What Liga MX’s CONCAChampions Domination Means For the Future of MLS

In the aftermath of Liga MX CONCAChampions dominance, we’ve been wrestling with a weighty question: why are Liga MX teams so much better than MLS? We don’t view the gap between the two as substantially as some might like to assume, but there are crucial differences in their histories, cultural significance, and current structures to consider.

Santos Laguna’s Jorge Villafaña – who made the move to Mexico after winning the 2015 MLS Cup with the Portland Timbers – summed it up quite succinctly in a recent interview with ESPN FC’s Cesar Hernández.

I spoke to Hernández about the interview, and what Villafaña had to say about MLS. He described the league as “faster, more physical, direct,” and stated that Liga MX is “more tactical.” “It’s a good summary, and I’m definitely on the side of people who think that MLS is getting better,” Hernández went on to say.

Dissimilar styles are accompanied by other noticeable dividing lines. To start, there’s divergence in roster quality. In a robust reflection, Soccer Mexicana’s Jason Marquitz highlighted the fact that MLS teams are often extremely top heavy, with high-priced marquee moneymakers and Designated Players resulting in pay and talent drop offs. “The MLS salary cap prevents teams from spending to fill out a complete roster,” he said. “Liga MX places no such constraints on itself. They spend where they need and want to spend. More money spent (not on one or two aging ‘name’ players, but) on many key contributors makes for a stronger team in general.”

Liga MX – in comparison to MLS – is also seen as a far more desirable entry league for top tier South American prospects.

Liga MX – in comparison to MLS – is also seen as a far more desirable entry league for top tier South American prospects. One need not look past the frequency of Liga MX selling players to Spain, Italy, England, and beyond to see this standard staring them straight in the face. “South American players have a chance to come for a few years, be compensated well and increase their chances of making the big Euro move,” Marquitz explained. This accompanies the fact that they are “almost guaranteed to be paid less” in MLS.

As Joshua Nadel makes clear in Fútbol: Why Soccer Matters in Latin America, soccer “failed to monopolize the national sports scene” in Mexico the way it did in other Latin American countries due to “proximity to the United States and the prominence of U.S. capital in the development of the Mexican economy,” it did cement itself as the national sport by the mid-twentieth century with the creation of the Segunda División. Stadiums started to swell in size, and passion and fervor for the global game fueled the transformation.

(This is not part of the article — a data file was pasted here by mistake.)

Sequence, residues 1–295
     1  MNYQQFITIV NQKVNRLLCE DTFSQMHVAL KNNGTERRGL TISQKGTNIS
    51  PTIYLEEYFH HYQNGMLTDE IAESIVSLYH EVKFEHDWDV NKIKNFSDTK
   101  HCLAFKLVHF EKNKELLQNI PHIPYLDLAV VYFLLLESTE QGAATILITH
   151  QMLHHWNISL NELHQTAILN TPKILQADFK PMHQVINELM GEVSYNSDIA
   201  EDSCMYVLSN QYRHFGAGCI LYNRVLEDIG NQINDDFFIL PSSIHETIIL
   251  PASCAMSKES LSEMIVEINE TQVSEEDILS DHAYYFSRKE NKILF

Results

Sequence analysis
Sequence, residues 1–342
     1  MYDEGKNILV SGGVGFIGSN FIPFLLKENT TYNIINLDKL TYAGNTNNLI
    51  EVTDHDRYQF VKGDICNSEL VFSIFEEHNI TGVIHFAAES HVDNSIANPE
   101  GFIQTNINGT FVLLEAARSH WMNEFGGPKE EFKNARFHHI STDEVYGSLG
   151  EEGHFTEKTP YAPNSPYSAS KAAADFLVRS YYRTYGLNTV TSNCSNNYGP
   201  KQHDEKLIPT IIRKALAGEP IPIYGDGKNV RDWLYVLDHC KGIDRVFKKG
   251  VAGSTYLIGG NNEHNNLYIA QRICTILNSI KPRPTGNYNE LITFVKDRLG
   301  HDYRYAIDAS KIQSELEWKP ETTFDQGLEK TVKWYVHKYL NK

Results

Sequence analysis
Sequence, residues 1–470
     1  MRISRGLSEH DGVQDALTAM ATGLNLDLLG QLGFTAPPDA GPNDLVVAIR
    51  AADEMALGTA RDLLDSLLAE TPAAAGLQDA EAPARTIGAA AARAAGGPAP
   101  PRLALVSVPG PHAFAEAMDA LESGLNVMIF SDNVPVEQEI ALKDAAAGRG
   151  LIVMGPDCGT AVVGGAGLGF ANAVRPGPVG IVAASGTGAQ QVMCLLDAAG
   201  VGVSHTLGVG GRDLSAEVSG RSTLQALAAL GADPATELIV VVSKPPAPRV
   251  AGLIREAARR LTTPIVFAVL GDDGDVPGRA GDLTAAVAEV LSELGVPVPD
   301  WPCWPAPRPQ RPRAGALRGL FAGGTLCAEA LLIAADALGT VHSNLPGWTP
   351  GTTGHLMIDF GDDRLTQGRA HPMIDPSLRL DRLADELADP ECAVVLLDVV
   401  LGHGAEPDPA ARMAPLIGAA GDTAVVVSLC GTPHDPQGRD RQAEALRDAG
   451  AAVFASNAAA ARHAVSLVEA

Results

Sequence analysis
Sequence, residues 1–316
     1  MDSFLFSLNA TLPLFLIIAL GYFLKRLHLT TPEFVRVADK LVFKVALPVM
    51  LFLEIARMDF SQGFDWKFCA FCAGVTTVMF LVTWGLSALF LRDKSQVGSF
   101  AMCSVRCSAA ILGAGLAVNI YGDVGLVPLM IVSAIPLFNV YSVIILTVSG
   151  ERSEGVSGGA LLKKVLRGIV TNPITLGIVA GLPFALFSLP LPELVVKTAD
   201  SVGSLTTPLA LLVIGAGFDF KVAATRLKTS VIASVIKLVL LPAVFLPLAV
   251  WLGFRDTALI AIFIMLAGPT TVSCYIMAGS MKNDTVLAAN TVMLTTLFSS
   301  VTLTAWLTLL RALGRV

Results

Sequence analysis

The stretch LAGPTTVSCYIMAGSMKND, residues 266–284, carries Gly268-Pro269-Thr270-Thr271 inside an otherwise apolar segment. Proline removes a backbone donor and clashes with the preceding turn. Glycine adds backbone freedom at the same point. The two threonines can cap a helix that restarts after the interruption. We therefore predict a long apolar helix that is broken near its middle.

We can speak of the past 20 years as just one epoch in Mexico’s extensive soccer history, a time during which the U.S. only just started to catch fútbol fever. The past two decades provide yet another reason for Liga MX legacy: recent changes in youth level structures correlate directly with deeper and more powerful player pools. To this point, Marquitz stated that “Liga MX is producing a larger core of experienced young players. The large use of foreign players does tend to keep these players from getting as much playing time as they probably could be getting, but the fact that youth production is an option that has worked for many Liga MX teams is quite clear.” On the flip side, the U.S. has worked to combat a dearth in development under head coach Jürgen Klinsmann, but pay-to-play poses its own issues.

Style, roster quality, desirability, youth. This leads us to the main point of contention as of late: schedules. Scheduling is where differences in understandings of the world’s beautiful game come out in full force. ESPN FC’s Nayib Morán mused on the matter, telling me that the U.S. “is still jostling in its attempt to understand the sport, while in Mexico it’s without a doubt the most important sport in the country.”

“I think the U.S. has to understand that soccer is a global sport and should be treated as such,” he went on. “There are certain processes the U.S. is emphasizing that should be eliminated. Why can’t an 18-year-old academy player be used in the first team of a pro-team? Why can’t the schedule be switched to the one that the rest of the world uses? Is it because other major leagues like MLB or NFL don’t want the ‘global’ sport to ruin the power of their leagues?”

It’s an interesting take, one that adds a new dimension to tired debates that overlook the obvious in an effort to come to complicated conclusions. While Liga MX has grown, MLS is growing. While the former has a particular style and inspires more passion, as a fledgling league with loads of potential to make its mark on the soccer world, MLS is on the rise in a new and exciting way. It’s been on the receiving end of its fair share of flak in recent weeks, but MLS is well on its way. Our preference for one league does not need to be reciprocated with disdain for another.

Hernández – a fan of both leagues – provides an important and relatable reflection, one that will perhaps resonate with you as it did with me:

“From a fan perspective, I enjoy watching both. There’s something that is of course nostalgic and sentimental about watching Liga MX. It reminds me of family, of growing up, of watching games with my dad as a kid. It’s unavoidable. At the same time, there’s something exciting about MLS. It’s new, different, and open to so much growth. As a Mexican-American, it’s very cool to see first-hand how soccer’s popularity has really grown in the U.S. during my lifetime.”

Cheers to fantastic fútbol that reflects our borderless, bicultural realities.